Lipomas are characterized by slow growth, with eventual stabilization and little tendency to involute. They are usually solitary and asymptomatic but may be painful if they entrap or compress nerves or if they contain thrombosed vessels (a variant termed angiolipoma). Some familial syndromes exhibit numerous lipomas, such as Proteus syndrome and Gardener's syndrome. A lipoma overlying the sacrum of an infant can indicate an underlying spinal abnormality, a situation that warrants radiographic evaluation.
Treatment, when desired or necessary, is either excision or liposuction.
Epidermal inclusion cysts (EICs) are flesh-colored, firm nodules with a central punctum, usually found on the face or upper trunk of adults (Fig. 12).
The central punctum is the follicular opening from which the cyst is derived. As the name implies, EICs evolve from fully differentiated squamous epithelium trapped in the dermis with accumulation of keratinaceous debris. “EICs” on the scalp are actually pilar cysts or trichilemmal cysts and can be distinguished histologically. The presence of many EICs is occasionally associated with syndromes that have other dermatologic and internal implications, such as Gardener's syndrome.
Unless the cyst ruptures, EICs do not require therapy. When they do rupture, inflammation and pain occur that warrant treatment with incision and drainage, warm compresses, and often intralesional corticosteroids and even systemic antibiotics for secondary infection. In that scenario, excision is usually recommended after the inflammation subsides.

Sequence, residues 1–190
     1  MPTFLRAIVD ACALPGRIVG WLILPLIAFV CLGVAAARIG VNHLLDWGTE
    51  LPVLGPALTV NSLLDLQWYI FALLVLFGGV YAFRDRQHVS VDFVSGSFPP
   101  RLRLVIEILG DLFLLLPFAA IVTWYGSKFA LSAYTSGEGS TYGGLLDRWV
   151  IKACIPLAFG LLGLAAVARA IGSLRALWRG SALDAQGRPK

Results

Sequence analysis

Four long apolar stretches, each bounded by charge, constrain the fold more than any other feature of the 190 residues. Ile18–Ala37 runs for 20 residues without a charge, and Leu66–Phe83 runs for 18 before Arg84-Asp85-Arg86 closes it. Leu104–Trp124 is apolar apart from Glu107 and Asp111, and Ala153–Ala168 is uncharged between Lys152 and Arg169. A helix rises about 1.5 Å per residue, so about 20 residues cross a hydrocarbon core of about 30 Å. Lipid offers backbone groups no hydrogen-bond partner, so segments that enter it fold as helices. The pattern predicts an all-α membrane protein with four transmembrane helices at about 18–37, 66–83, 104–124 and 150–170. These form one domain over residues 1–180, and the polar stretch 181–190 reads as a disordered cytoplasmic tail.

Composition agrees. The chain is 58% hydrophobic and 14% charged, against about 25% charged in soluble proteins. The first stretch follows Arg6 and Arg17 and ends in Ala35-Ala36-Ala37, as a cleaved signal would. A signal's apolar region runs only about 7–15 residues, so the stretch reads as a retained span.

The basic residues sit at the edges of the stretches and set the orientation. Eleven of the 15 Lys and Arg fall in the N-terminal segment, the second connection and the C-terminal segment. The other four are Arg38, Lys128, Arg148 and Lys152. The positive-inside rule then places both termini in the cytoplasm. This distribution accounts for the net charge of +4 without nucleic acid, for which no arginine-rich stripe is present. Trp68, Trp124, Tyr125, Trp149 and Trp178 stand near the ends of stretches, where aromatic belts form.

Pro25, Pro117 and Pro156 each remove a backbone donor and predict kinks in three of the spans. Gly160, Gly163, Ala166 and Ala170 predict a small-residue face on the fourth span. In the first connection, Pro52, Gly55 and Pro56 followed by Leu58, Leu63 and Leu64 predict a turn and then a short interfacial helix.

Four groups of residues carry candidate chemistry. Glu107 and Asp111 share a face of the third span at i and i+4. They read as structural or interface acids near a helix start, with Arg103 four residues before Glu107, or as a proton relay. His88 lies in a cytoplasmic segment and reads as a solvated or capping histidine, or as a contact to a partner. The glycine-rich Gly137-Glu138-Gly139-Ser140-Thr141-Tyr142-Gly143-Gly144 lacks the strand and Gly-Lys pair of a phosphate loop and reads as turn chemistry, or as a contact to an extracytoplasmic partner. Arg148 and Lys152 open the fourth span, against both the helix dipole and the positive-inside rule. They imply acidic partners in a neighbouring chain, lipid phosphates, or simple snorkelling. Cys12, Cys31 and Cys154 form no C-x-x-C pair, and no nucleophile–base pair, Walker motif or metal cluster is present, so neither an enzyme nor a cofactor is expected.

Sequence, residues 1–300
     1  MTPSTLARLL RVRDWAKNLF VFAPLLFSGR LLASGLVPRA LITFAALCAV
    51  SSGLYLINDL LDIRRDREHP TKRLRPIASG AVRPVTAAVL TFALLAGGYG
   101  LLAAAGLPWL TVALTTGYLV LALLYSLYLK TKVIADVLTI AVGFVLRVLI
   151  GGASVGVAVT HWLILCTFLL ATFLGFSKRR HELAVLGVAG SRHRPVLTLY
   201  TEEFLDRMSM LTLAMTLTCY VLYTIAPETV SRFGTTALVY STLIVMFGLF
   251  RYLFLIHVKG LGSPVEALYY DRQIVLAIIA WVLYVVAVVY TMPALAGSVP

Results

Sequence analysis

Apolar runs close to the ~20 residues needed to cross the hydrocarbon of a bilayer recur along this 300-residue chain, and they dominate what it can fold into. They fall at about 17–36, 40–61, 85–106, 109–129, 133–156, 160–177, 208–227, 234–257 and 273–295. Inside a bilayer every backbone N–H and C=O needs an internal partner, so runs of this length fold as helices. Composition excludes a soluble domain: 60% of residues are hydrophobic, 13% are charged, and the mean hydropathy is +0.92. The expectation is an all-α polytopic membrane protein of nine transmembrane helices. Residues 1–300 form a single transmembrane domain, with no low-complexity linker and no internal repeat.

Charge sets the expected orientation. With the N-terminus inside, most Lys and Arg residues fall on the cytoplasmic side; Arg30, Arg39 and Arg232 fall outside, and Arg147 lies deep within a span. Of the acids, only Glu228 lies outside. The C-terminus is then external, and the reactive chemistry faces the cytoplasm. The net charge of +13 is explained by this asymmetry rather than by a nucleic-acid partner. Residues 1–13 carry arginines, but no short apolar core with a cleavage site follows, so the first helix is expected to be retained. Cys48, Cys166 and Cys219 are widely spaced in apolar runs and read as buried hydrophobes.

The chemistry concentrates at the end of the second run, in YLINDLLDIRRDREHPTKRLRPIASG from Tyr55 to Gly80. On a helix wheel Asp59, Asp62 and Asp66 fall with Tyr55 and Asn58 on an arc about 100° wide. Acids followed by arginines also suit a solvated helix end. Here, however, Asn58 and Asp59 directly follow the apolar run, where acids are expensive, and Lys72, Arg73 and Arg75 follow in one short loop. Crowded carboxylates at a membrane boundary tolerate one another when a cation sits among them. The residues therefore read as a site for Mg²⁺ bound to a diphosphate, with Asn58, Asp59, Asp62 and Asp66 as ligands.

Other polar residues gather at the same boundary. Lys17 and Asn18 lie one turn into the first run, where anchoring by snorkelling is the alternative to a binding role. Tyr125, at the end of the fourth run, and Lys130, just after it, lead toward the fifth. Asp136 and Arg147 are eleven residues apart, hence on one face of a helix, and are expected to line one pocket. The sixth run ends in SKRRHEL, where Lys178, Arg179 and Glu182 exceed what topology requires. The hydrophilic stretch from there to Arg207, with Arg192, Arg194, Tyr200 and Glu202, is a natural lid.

Milia are asymptomatic small white or yellow papules that occur primarily on the faces of women and newborns. These cystic collections of keratin just under the epidermal surface can also occur with porphyria cutanea tarda and other blistering diseases.
Treatment is usually for cosmetic reasons and consists of incision followed by expression of cystic contents. Topical tretinoin may help to treat and prevent milia in affected persons.
Pyogenic granulomas are solitary, often pedunculated, erythematous papules or small nodules that are often friable and bleed easily with minor trauma. Sites of predilection include the fingers, face, and lips (Fig. 13).
Pyogenic granulomas develop rapidly (over the course of several weeks), and the sudden occurrence can be quite alarming to the patient. They probably represent a reactive neovascularization, potentially in response to injury. Pyogenic granulomas are common in pregnancy; termed granuloma gravidarum, they usually arise on the gingival mucosa.
Treatment options include curettage, deep shave excision with fulguration of the base, complete excision, or laser ablation. Recurrence is common, especially after incomplete removal.